Berkeley health officials are allowing more public activities indoors and outdoors beginning Friday because COVID-19 cases and test positivity rates have been stable, city officials said Thursday.

The new rules go in to effect at 8 a.m. following a revised health order.

Indoor dining, indoor worship services, indoor movie theaters and indoor family entertainment centers can all open at 25 percent capacity or a maximum of 100 people, whichever is less, according to city officials.

Some previously open activities will now be able to accommodate more people. Indoor retail stores and malls can open at 50 percent capacity.

Indoor gyms and fitness centers can open at 25 percent capacity and indoor weddings and funerals can accommodate up to 100 people or open at 25 percent capacity. Singing and chanting continue to be prohibited at worship services as well as weddings and funerals, according to city officials.

Twenty students and two instructors can participate in non-contact outdoor fitness classes.

Performances that are livestreamed or recorded are now allowed indoors with some restrictions, city officials said. Also, with some restrictions, health officials are allowing music, film and television production indoors and outdoors.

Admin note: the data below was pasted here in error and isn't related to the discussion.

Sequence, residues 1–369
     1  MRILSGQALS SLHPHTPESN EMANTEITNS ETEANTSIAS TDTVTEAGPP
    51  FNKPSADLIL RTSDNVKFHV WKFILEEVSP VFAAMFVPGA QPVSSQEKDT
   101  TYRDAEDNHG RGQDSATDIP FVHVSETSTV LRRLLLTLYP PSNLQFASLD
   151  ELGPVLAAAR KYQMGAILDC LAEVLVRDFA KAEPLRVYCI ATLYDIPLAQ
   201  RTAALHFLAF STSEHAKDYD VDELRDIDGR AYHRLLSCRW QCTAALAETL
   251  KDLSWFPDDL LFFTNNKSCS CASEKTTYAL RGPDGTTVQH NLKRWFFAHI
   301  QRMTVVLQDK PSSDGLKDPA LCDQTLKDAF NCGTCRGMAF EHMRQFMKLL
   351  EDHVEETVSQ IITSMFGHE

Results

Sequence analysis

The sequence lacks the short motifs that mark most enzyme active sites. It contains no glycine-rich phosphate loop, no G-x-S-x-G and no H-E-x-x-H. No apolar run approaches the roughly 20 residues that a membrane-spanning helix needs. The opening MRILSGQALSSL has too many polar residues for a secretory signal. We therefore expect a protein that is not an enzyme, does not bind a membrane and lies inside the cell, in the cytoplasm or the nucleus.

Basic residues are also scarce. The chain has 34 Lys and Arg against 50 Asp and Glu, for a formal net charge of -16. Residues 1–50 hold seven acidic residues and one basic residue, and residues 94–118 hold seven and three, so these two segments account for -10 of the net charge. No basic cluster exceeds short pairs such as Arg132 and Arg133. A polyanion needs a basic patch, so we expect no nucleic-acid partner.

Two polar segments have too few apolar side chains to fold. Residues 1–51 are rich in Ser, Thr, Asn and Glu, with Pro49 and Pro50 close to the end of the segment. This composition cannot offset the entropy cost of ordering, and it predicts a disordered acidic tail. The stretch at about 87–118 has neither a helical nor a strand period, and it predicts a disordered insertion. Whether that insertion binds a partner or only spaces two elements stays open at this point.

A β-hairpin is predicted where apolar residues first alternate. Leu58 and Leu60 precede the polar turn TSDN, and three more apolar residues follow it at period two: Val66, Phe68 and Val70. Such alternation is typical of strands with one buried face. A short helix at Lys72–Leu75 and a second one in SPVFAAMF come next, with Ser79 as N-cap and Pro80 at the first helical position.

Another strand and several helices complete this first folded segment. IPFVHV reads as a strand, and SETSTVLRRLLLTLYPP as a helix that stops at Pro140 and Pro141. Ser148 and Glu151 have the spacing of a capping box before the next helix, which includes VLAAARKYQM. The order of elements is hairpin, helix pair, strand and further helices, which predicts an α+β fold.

Neither indoor nor outdoor live performances are allowed yet.

Even though more indoor activities are allowed, businesses that can serve people outdoors are encouraged to maximize that opportunity.

Business must comply with state guidance, which can be found at: and city guidance, which can be found in Appendix A at:

Keith Burbank, Bay City News

Keith Burbank is currently a fulltime reporter covering Alameda County and Oakland news for Bay City News. He has also worked on the Data Points project for Local News Matters, finding trends and stories about the region through data. In 2019, he was a California Fellow at the USC Annenberg Center for Health Journalism, producing a series about homeless deaths in Santa Clara County. He worked as a swing shift editor for the newswire for several years as well. Outside of journalism, Keith enjoys computer programming, math, economics and music.